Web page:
staff, June 4, 2015

It?s not hyperbole to say that the Large Hadron Collider (LHC) is gargantuan. For one thing, it?s the world?s largest machine, supported by the world?s largest computing grid. And the ?centerpiece? of the LHC is a ring tunnel beneath the Franco-Swiss border that measures 17 miles in circumference and goes more than 500 feet below the surface in places.

Nebraska_supercollider2Constructed near Geneva, Switzerland, by the European Organization for Nuclear Research (CERN), the particle collider took a decade to build before becoming operational in 2008. And Aaron Dominguez, associate dean for research and global engagement and a full professor of physics and astronomy at the University of Nebraska, is on a team of scientists that not only helped design the LHC, but also continues to assist in its maintenance.

So, how does it work? Essentially, the LHC accelerates protons in the tunnel to a velocity approaching the speed of light, then smashes them together in experiments approximating an atomic game of marbles. The resulting collisions enable scientists to study the smallest structures of the universe and, perhaps, discover the how and why of our existence.

?We are trying to answer some of the fundamental questions people always ask,? Dominguez said during a telephone interview from Cornell University in Ithaca, N.Y. ?It leads back to the creation of the entire universe, and I?m damn lucky to be in a place to be able to answer some of those questions. Pretty excited.?

Dominguez was at Cornell to attend a meeting of U.S. scientists involved with an LHC experiment. He went there in late May to convene with colleagues involved with the Compact Muon Solenoid (CMS) experiment, a sizable particle physics detector that Dominguez helped fine-tune at the LHC.

?[The detector] can image the paths of the charged particles that come from the collision of the protons,? Dominguez explained. ?It?s like a super-fast digital camera that can take [pictures] 40 million times a second and run for a year.?

Dominguez, who grew up in Albuquerque, N.M., knew from an early age that he wanted to pursue a career in science, but his interest in particle physics specifically wasn?t sparked until he was an undergraduate at the California Institute of Technology in Pasadena - known to many as the setting of TV?s popular ?Big Bang Theory.?

Dominguez described his Caltech days as a ?boot camp for scientists,? although he did find time to participate in track and field and cross country and even made it to national levels of competition at the Division III school.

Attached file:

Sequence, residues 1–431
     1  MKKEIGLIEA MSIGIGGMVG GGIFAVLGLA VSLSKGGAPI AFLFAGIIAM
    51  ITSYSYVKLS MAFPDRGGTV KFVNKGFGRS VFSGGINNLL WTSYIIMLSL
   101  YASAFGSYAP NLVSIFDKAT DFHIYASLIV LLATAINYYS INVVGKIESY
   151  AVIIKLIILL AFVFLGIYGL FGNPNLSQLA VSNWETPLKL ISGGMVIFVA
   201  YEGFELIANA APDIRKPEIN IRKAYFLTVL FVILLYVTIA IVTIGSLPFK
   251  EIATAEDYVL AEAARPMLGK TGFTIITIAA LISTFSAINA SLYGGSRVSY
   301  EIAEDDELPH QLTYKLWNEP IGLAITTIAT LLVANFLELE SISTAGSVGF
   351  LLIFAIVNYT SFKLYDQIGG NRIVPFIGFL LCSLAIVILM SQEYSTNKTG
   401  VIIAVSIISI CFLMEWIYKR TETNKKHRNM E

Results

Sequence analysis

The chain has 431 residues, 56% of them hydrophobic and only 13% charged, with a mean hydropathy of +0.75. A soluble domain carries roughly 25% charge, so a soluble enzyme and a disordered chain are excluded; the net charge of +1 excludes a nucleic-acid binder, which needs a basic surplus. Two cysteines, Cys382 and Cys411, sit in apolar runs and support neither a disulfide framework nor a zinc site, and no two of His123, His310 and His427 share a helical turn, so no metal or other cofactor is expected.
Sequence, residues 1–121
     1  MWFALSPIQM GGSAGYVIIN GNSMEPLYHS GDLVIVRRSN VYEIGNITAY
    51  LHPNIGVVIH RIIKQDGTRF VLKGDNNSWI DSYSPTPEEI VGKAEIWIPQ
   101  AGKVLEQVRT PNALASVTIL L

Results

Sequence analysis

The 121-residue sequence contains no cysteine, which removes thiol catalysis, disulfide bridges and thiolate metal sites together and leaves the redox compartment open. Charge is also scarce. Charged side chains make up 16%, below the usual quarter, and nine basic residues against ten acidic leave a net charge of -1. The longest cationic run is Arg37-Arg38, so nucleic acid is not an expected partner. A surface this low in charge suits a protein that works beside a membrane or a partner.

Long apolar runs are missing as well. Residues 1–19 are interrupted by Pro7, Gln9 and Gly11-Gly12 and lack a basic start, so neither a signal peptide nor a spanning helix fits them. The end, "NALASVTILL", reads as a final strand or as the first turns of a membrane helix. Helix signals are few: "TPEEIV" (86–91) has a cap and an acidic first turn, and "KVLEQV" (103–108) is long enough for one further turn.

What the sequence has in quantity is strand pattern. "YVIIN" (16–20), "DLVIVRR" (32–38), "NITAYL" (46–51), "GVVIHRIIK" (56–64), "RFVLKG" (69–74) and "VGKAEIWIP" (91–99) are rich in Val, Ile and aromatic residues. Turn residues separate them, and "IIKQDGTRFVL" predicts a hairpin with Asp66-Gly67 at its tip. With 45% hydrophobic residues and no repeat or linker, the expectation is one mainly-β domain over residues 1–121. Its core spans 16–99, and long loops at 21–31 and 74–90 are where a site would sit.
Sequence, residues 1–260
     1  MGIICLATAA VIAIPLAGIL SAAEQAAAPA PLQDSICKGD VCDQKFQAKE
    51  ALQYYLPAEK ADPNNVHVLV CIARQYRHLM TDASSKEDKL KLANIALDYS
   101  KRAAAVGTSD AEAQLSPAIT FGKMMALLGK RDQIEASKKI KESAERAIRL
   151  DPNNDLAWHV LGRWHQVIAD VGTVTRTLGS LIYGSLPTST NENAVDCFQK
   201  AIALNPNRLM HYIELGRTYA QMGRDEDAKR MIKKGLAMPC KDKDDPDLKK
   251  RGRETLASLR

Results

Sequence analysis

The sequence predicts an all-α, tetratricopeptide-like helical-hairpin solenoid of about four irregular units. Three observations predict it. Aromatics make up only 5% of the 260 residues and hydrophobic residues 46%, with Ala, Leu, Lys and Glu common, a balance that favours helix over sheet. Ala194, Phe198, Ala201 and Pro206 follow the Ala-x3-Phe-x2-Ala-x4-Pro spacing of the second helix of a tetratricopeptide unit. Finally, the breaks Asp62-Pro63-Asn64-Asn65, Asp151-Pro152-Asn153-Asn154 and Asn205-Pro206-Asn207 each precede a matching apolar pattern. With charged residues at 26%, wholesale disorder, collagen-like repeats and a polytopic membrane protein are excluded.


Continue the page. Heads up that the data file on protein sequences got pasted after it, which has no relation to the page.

?I definitely learned a lot of physics and how to be a scientist at Caltech, but I?m a more well-rounded person for the [athletic] activities,? he said.

Dominguez said he was swayed by Nebraska professors Greg Snow and Dan Claes to get involved with the CMS experiment. The pair had been involved in the conceptual phase of the project for years before it became a reality at CERN.

Since arriving at the University of Nebraska in 2004, Dominguez has logged plenty of air miles traveling to Switzerland to work on the CMS experiment. In all, he estimates his work has taken him over there for about a total of three of the last 11 years. And even when he isn?t there, he?s there.

?We do lots of stuff remotely, videoconferencing on a daily basis,? he said. ?But there?s nothing like being in the same room with people and having your hands on the equipment. There are times you have to be there.?

Dominguez and his fellow Nebraska physicists are currently leading an $11.5 million, eight-university effort to upgrade the CMS. The LHC itself was just recently started up after a two-year shutdown for maintenance and repair. However, before that hiatus, the collider and the CMS were credited with enabling scientists to observe the existence of the Higgs boson, a class of particle named after physicist Peter Higgs.

?It was darn hard to find,? Dominguez said of Higgs boson. ?It took us nearly 40 years to find it, and we were looking constantly.?

[btn-post-package]On July 4, 2012, CERN reported that the CMS experiment was one of the two tests at the LHC that confirmed the observation of the Higgs boson. A little more than a year later, Higgs and Francois Englert were awarded the 2013 Nobel Prize in physics ?for the theoretical discovery of a mechanism that contributes to our understanding or the origin of mass of subatomic particles.?

?I was very happy to see Higgs and Englert get the Nobel Prize in Physics,? Dominguez said. ?It was extremely gratifying and humbling to know that the work of me and my many colleagues led directly to this.?

By Tony Moton